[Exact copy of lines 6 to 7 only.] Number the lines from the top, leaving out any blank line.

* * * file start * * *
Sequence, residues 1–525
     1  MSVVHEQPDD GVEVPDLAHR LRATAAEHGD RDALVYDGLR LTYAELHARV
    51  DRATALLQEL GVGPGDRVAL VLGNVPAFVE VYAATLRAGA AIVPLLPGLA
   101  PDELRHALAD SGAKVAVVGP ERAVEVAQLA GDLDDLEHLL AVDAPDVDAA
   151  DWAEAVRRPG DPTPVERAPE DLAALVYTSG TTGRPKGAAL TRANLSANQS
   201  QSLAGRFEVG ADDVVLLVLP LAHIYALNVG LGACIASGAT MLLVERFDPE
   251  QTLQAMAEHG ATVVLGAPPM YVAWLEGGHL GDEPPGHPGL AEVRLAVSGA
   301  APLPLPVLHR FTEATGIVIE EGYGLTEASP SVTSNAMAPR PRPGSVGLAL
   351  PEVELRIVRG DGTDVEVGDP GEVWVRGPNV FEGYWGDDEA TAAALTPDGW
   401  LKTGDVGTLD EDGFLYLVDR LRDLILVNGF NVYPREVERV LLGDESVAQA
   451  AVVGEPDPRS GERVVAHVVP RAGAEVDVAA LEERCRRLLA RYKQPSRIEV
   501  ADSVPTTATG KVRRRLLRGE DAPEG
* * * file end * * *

   201  QSLAGRFEVG ADDVVLLVLP LAHIYALNVG LGACIASGAT MLLVERFDPE
   251  QTLQAMAEHG ATVVLGAPPM YVAWLEGGHL GDEPPGHPGL AEVRLAVSGA